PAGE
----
P-407-induced Mouse Model of Dose-controlled Hyperlipidemia and Atherosclerosis: 25 Years Later

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Abstract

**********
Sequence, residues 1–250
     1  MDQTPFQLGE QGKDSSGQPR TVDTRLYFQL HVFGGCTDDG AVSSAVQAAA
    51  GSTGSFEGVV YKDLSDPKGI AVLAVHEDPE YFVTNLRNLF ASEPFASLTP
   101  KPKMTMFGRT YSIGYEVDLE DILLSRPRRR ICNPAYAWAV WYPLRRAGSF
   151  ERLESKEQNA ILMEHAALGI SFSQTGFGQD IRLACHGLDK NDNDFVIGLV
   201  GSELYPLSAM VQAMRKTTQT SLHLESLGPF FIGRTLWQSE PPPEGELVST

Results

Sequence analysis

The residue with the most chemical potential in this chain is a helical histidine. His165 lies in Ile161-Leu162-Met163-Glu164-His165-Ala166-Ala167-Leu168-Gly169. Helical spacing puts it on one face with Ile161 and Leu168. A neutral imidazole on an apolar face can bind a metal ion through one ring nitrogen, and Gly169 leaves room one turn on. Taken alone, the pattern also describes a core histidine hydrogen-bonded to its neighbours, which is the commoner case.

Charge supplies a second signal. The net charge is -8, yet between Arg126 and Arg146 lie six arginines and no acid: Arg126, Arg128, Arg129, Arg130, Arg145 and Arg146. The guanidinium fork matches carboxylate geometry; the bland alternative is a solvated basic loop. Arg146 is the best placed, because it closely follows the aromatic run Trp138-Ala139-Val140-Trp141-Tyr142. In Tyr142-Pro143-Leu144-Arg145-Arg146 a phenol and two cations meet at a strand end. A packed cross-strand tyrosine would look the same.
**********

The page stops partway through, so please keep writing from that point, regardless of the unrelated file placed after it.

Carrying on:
The poloxamer 407 (P-407) nongenetic, nondiet–induced mouse model of dose-controlled hyperlipidemia and atherosclerosis was first introduced in 1992. Dyslipidemia is produced in C57BL/6 mice of either sex after intraperitoneal administration of P-407 that is a polyether-based nonionic surface active agent. Aortic atherosclerotic lesions begin to form after 1 month of repeated P-407 administration and obtain maximum size, numerical density, and human-like pathological features by 4 months. Our laboratory published a review of this model in 2004, although an update would seem both appropriate and timely based on new findings since 2004. Using P-407–treated mice, we have investigated the effect that hyperlipidemia has on the activity of several classes of proteases in the heart, liver, and serum; extensively characterized lipoprotein fractions and subfractions associated with atherogenic plasma lipids; investigated whether several key vascular cell adhesion molecules were perturbed; and determined whether the biological activity of 2 peroxisome proliferator–activated receptors was modulated both in vitro and in vivo. Based on our findings since 2004, as well as those before 2004 (1992–2004), we would strongly suggest that the P-407–induced hyperlipidemic mouse model represents a convenient, inexpensive, and well-documented alternative mouse model with which to study cardiovascular heart disease arising from dyslipidemia and atherosclerosis.

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